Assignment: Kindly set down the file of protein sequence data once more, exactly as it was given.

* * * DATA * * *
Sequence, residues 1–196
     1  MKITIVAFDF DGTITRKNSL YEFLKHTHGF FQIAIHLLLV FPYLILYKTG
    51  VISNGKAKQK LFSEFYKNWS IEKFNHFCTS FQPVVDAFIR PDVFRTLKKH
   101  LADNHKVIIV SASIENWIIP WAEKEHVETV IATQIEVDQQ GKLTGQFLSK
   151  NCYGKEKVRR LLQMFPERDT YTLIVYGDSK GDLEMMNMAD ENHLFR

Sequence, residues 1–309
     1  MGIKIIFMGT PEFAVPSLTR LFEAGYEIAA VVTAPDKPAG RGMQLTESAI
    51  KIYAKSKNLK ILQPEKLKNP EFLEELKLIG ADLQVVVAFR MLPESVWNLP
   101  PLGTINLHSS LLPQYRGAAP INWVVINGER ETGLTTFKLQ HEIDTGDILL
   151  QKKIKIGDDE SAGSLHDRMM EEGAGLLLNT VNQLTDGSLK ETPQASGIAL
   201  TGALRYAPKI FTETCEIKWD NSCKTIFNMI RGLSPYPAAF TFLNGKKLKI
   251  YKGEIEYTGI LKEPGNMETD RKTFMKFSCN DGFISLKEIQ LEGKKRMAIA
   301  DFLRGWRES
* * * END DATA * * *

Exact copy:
Sequence, residues 1–196
     1  MKITIVAFDF DGTITRKNSL YEFLKHTHGF FQIAIHLLLV FPYLILYKTG
    51  VISNGKAKQK LFSEFYKNWS IEKFNHFCTS FQPVVDAFIR PDVFRTLKKH
   101  LADNHKVIIV SASIENWIIP WAEKEHVETV IATQIEVDQQ GKLTGQFLSK
   151  NCYGKEKVRR LLQMFPERDT YTLIVYGDSK GDLEMMNMAD ENHLFR

Sequence, residues 1–309
     1  MGIKIIFMGT PEFAVPSLTR LFEAGYEIAA VVTAPDKPAG RGMQLTESAI
    51  KIYAKSKNLK ILQPEKLKNP EFLEELKLIG ADLQVVVAFR MLPESVWNLP
   101  PLGTINLHSS LLPQYRGAAP INWVVINGER ETGLTTFKLQ HEIDTGDILL
   151  QKKIKIGDDE SAGSLHDRMM EEGAGLLLNT VNQLTDGSLK ETPQASGIAL
   201  TGALRYAPKI FTETCEIKWD NSCKTIFNMI RGLSPYPAAF TFLNGKKLKI
   251  YKGEIEYTGI LKEPGNMETD RKTFMKFSCN DGFISLKEIQ LEGKKRMAIA
   301  DFLRGWRES